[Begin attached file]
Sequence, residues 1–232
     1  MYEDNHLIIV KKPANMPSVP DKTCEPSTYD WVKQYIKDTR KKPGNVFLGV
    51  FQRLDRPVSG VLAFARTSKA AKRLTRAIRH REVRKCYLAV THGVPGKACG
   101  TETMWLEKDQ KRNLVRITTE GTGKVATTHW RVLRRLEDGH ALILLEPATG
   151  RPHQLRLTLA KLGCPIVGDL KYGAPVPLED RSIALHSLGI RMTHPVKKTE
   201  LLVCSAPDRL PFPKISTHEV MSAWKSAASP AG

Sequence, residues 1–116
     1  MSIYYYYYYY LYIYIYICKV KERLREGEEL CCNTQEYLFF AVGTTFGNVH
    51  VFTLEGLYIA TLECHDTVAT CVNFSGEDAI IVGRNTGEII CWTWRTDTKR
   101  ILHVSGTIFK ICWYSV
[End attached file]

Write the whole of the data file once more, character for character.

Sequence, residues 1–232
     1  MYEDNHLIIV KKPANMPSVP DKTCEPSTYD WVKQYIKDTR KKPGNVFLGV
    51  FQRLDRPVSG VLAFARTSKA AKRLTRAIRH REVRKCYLAV THGVPGKACG
   101  TETMWLEKDQ KRNLVRITTE GTGKVATTHW RVLRRLEDGH ALILLEPATG
   151  RPHQLRLTLA KLGCPIVGDL KYGAPVPLED RSIALHSLGI RMTHPVKKTE
   201  LLVCSAPDRL PFPKISTHEV MSAWKSAASP AG

Sequence, residues 1–116
     1  MSIYYYYYYY LYIYIYICKV KERLREGEEL CCNTQEYLFF AVGTTFGNVH
    51  VFTLEGLYIA TLECHDTVAT CVNFSGEDAI IVGRNTGEII CWTWRTDTKR
   101  ILHVSGTIFK ICWYSV